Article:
University of California - Davis
On November 8, 2011, I presented this lecture as part of the annual Brigitte M. Bodenheimer Family Law Lecture Series at the University of California, Davis School of Law. I extend sincere thanks to the Bodenheimer family for endowing this special lecture. I feel honored to be a small part of this wonderful lecture series in family law. I feel particularly grateful because the University of California, Davis School of Law was my "birthplace" as a professor. Dean Rex Perschbacher, then Associate Dean Kevin Johnson, and the law school faculty welcomed me into academia by giving me my first job as a tenure-track law professor and serving as fantastic mentors to me along the way. 1 I did not have the honor of knowing Professor Bodenheimer, but I was very fortunate to be a part of her legacy at the law school in two important ways. First, I followed in the footsteps of Professor Bodenheimer, who was the first tenured woman law professor at the University of California, Davis School of Law, when I joined the faculty as one of its many female law professors. 2 I also was lucky to be a part of Professor Bodenheimer's legacy at the law school by following her and Professor Carol Bruch as the institution's family law professor. This Essay is based on materials from my forthcoming book ACCORDING TO OUR HEARTS: RHINELANDER v. RHINELANDER AND THE LAW OF THE MULTIRACIAL FAMILY (Yale University Press 2013). It explores both how far we have travelled and how little we have travelled in terms of equality and interracial intimacy since the stunning annulment trial of Alice and Leonard Rhinelander in 1925.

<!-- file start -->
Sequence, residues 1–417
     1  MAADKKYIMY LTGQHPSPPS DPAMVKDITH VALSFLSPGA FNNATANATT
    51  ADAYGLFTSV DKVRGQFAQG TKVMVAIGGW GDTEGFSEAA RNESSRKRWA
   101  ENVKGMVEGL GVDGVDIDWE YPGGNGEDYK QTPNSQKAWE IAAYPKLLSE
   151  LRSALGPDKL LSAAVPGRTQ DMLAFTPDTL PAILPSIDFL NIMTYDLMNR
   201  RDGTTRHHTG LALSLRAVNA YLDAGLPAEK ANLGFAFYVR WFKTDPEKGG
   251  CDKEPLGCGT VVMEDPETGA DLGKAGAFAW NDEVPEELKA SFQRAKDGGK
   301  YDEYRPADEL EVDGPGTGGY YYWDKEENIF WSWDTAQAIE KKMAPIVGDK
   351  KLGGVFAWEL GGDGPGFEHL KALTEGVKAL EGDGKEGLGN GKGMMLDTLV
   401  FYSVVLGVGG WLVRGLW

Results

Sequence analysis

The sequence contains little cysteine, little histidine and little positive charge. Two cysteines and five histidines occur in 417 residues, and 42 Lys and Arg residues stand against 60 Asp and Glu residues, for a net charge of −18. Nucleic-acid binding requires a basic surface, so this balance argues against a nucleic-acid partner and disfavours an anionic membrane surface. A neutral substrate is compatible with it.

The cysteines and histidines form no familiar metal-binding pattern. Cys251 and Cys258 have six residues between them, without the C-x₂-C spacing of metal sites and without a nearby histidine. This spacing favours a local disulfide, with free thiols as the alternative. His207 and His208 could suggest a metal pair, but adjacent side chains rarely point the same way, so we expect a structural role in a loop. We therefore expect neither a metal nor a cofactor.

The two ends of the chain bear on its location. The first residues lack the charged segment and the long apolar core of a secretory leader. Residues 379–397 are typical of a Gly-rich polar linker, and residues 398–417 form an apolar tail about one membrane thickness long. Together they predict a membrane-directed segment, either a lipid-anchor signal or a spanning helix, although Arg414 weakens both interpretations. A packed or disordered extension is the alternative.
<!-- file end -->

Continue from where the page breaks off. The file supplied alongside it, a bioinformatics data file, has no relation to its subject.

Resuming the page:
What Would Be the Story of Alice and Leonard Rhinelander Today?,
UC Davis Law Review
Available at: https://scholarship.law.bu.edu/faculty_scholarship/300